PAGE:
Causes and effects of poor drainage in cranberry farms
Soils that support cranberry production often cap geologic deposits of organic sediment, such as peat. However, inadequate drainage of organic soils may diminish plant productivity and enhance fruit rot. In this study, we combined a replicated field trial and a field demonstration to evaluate the causes and effects of poor drainage in a Massachusetts cranberry farm called Poor Farm Bog. Measurements of soil water tension (SWT), fruit yield and rot, and ground penetrating radar were conducted within two fields: PF1, which had tile drainage at two depths (20 and 30 cm), and PF7, which had tile drainage at one depth (30 cm). In PF1, values of SWT (-1.4 to -1.0 kPa), crop yield (15.1 to 17.7 Mg ha-1), and fruit rot (13 to 24%) did not vary as a function tile drain depth. By comparison, crop yield was twice as high in PF7 (40.6 Mg ha-1) and was related to lower values of SWT (-3.2 kPa). Increased crop yield could be related to physiological effects (i.e., enhanced root-zone oxygen) or to decreased fruit rot (4%) associated with enhanced drainage. The lower values of SWT were not related to differences in subsurface geology, with most of the farm constructed on mineral deposits of silt. Instead, a strong elevation gradient of 0.4%, caused by a 3-m difference in surface elevation between sites PF1 and PF7, probably facilitated enhanced subsurface drainage in PF7. These results illustrate the significance of landscape features on the relationship between subsurface drainage and crop production in cranberry farms.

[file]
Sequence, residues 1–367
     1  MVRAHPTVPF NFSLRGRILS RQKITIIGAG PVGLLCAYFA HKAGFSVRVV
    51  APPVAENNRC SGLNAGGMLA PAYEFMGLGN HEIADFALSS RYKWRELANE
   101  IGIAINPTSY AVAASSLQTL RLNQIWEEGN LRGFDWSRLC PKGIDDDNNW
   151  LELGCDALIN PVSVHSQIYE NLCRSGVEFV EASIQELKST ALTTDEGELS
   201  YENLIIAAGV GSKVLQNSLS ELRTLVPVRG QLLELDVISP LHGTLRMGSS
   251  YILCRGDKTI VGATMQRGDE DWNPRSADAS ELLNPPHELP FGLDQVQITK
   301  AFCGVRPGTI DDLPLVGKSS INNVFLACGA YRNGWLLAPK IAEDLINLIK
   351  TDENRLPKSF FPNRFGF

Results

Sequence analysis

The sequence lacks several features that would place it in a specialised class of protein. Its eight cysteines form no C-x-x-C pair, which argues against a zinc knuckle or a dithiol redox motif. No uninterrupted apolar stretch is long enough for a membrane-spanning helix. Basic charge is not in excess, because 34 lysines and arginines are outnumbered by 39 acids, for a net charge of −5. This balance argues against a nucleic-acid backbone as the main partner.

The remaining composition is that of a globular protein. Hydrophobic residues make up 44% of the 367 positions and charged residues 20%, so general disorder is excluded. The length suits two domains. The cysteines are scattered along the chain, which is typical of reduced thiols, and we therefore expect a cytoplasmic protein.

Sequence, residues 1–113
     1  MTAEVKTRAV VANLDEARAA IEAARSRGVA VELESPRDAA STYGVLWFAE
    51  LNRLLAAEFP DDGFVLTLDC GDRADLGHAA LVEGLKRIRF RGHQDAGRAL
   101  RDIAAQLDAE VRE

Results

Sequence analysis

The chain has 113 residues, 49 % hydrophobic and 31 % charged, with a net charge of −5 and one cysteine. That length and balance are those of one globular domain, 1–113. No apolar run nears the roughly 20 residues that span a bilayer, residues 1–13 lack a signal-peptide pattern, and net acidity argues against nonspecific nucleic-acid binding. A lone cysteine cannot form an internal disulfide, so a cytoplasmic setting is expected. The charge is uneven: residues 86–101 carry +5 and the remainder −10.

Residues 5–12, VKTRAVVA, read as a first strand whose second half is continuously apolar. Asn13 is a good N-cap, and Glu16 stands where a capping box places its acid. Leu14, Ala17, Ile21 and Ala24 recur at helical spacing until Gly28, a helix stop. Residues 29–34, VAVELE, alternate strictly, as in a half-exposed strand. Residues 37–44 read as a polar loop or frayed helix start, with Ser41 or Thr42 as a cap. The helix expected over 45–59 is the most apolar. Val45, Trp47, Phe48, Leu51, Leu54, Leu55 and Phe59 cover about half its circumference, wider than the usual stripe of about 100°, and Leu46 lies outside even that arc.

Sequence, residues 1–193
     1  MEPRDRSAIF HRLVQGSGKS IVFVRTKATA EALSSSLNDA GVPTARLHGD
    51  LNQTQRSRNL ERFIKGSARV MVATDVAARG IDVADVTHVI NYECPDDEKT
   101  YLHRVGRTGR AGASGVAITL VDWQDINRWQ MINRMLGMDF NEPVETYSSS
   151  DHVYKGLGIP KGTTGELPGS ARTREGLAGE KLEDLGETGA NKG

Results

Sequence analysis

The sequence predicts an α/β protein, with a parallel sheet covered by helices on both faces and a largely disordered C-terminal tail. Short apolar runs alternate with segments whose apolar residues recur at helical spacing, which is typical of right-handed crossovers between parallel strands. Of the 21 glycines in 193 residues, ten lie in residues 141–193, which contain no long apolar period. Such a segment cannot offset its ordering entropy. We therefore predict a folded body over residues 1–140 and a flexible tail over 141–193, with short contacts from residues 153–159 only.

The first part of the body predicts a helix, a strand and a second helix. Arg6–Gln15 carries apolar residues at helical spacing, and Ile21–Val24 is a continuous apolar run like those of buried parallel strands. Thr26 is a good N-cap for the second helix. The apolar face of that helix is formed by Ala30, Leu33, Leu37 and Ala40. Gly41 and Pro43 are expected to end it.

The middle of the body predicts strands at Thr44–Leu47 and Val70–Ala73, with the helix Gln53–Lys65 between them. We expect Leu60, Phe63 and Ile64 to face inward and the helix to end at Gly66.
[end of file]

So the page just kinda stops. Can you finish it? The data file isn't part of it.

Kennedy, C.D., Jeranyama, P. and DeMoranville, C.J. (2017). Causes and effects of poor drainage in cranberry farms. Acta Hortic. 1180, 445-452
drainage, irrigation, soil water tension, Vaccinium macrocarpon, 'Stevens'